Educating 12-year olds and 18 year-olds together

12-Year-Olds in a High School Building?

Declining enrollment forces some 7th and 8th graders into high school buildings

By Walter Brooks

Sandwich is between a rock
and a hard place
Sandwich Superintendent of Schools Dr. C. Richard Canfield was between a rock and a hard place last week when he stood before a public meeting on proposed plans to move the town’s seventh and eighth grades into the high school building as a STEM (Science, Technology, Engineering, Math) Academy.

Instruction Versus Construction

Dr. Canfield is faced with a K-8 school building that requires tens of millions in renovation work and a district where enrollments have declined by almost 18.96% since 2001.  The most financially viable solution for Sandwich is to move grades seven and eight into the high school building. 

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Rather than building an “edifice”, Canfield advocates for upgrading the high school to accommodate the younger students and devising a STEM Academy that promises to provide a higher level instruction for those students than they currently receive in the K-8 buildings.  STEM is a good way to put a happy face on a financial necessity.

The Sandwich situation is unique on Cape Cod only in that it involves seventh grade students.  Eighth graders already attend Barnstable High School.  Dennis-Yarmouth has a small pilot test of a grade eight STEM program at their high school.  When Monomoy Regional High School opens it will include grades eight through twelve.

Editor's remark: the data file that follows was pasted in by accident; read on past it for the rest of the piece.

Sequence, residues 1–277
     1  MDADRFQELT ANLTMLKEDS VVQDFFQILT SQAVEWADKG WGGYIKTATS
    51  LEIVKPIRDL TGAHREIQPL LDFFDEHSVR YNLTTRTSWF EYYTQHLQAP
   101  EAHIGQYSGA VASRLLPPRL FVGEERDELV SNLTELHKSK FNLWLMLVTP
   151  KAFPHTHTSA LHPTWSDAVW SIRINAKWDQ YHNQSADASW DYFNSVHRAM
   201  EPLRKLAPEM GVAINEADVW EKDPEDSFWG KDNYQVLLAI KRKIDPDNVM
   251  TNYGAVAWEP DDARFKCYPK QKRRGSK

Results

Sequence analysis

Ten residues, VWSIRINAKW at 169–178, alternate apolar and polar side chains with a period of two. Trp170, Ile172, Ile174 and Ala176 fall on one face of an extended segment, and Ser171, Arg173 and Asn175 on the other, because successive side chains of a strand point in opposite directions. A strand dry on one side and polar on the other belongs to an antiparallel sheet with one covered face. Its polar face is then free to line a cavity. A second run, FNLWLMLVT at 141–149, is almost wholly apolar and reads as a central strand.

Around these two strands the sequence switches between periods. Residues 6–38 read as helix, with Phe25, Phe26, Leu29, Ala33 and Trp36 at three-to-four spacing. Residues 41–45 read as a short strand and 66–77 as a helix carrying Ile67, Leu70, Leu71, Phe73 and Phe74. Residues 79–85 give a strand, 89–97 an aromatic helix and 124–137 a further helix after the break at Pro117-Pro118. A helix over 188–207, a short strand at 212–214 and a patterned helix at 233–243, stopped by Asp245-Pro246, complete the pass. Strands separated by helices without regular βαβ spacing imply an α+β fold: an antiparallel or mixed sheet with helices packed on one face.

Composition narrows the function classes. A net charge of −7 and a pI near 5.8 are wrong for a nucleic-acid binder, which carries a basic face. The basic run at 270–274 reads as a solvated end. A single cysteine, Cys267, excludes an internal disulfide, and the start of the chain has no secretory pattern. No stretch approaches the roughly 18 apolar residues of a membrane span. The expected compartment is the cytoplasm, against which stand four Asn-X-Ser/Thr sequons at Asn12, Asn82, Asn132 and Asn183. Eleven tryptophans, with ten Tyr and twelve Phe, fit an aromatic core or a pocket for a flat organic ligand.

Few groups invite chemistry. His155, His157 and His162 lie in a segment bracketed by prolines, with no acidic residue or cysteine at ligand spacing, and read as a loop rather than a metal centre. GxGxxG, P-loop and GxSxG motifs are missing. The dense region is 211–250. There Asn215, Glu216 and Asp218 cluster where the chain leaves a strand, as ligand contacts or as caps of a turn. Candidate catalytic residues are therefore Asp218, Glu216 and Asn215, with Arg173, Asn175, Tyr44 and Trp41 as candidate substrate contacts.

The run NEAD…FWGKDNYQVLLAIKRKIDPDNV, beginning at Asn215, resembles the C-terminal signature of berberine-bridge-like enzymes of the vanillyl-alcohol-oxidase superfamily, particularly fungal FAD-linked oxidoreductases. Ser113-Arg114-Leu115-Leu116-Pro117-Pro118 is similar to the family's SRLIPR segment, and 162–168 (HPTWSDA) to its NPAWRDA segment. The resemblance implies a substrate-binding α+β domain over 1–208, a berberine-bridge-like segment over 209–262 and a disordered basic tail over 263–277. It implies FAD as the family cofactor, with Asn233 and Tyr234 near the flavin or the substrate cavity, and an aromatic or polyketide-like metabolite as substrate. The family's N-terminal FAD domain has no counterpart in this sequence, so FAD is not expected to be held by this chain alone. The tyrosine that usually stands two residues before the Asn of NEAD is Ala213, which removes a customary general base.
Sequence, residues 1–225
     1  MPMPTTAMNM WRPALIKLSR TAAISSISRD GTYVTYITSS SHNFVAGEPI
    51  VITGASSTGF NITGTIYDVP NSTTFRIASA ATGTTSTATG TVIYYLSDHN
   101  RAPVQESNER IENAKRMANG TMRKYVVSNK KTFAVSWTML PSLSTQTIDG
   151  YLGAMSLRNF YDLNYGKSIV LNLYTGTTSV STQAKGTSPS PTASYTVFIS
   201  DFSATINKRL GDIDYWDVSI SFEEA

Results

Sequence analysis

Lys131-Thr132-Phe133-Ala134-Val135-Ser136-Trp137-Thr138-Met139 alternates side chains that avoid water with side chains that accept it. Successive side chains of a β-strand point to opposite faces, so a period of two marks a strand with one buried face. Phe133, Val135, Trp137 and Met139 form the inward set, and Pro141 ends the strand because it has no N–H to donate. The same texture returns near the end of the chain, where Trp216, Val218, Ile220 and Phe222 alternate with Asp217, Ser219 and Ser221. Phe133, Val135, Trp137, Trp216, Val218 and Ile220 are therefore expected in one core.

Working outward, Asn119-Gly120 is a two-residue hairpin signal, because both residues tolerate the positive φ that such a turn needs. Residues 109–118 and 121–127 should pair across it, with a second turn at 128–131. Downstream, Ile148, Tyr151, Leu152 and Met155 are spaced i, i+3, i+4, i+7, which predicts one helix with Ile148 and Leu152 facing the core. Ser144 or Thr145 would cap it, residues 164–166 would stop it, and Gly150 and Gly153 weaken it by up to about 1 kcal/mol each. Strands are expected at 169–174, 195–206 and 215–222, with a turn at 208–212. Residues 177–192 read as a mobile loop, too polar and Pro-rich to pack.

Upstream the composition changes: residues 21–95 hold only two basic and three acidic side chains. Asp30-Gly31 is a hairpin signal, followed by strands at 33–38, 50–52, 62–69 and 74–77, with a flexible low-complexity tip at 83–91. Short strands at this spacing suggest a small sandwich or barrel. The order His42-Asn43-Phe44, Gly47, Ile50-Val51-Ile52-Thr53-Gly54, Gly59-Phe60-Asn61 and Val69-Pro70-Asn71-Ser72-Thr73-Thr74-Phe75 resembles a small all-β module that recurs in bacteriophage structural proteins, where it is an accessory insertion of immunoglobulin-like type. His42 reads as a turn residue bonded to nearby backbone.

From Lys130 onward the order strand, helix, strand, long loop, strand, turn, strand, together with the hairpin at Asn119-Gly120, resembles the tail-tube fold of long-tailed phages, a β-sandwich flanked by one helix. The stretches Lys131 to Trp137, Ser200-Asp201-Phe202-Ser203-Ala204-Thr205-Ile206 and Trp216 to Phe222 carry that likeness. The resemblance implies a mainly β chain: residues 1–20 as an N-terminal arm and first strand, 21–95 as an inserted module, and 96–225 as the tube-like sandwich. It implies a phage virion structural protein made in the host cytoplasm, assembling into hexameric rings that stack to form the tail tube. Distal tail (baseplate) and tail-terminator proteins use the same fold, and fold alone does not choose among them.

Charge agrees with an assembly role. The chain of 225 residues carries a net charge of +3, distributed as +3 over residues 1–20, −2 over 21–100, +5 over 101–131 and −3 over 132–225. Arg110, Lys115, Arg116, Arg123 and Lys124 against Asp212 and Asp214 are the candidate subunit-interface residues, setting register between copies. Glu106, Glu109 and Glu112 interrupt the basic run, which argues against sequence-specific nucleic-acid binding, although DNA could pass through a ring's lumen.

Challenging Choices

Barnstable had little choice but to move the eighth graders to their high school.  During a district-wide reconfiguration several elementary buildings were closed.  Moreover, with the combined drain of declining enrollment of 23.93% since 2001, school choice exits and students moving to the Sturgis Charter Public School, Barnstable High School had the empty space needed to accommodate the eighth grade.

The new Monomoy region – a “shotgun wedding” between Chatham and Harwich – was forced to add eighth grade to their new high school.The new Monomoy region – a “shotgun wedding” between Chatham and Harwich – was forced to add eighth grade to their new high school in order to hit the student population threshold necessary to maximize state construction funding.

As parents and grandparents, we’re just as concerned as some of the folks who attended Dr. Canfield’s public meeting last week.  We aren’t entirely comfortable sending a twelve-year-old to school with seventeen and eighteen year olds.  School officials everywhere promise to keep the younger kids segregated from the upperclassmen but we have a lingering skepticism.

The reality of the situation is that the school districts have little choice.  With enrollment dropping and deteriorating finances, school districts across the county are retrenching in the best way they can find.  For one district it might mean closing one or more schools, others may move junior high kids into a high school building and still others may lay off a boatload of teachers.

We believe the district administrators making these decisions are doing the best they can in a challenging situation.  At this stage we trust their good intentions when younger kids must move into a high school building.  However, as your local news sentinel, we will be waiting, watching, and reporting on how the actual implementation works.

What Do You Think?

We would like to hear from our readers about how they feel on this topic?  Do you support moving younger kids into a high school building?  What concerns do you have about school consolidation?  Does anyone from Barnstable or Dennis-Yarmouth have some positive experiences to relate? 

Please email your comments to [email protected] along with your permission to publish your letter to the editor.  If any school executive, board member or parent group leader would like to write an op-ed on this topic, and we welcome your words.

Read  the recent Cape Cod School News here.

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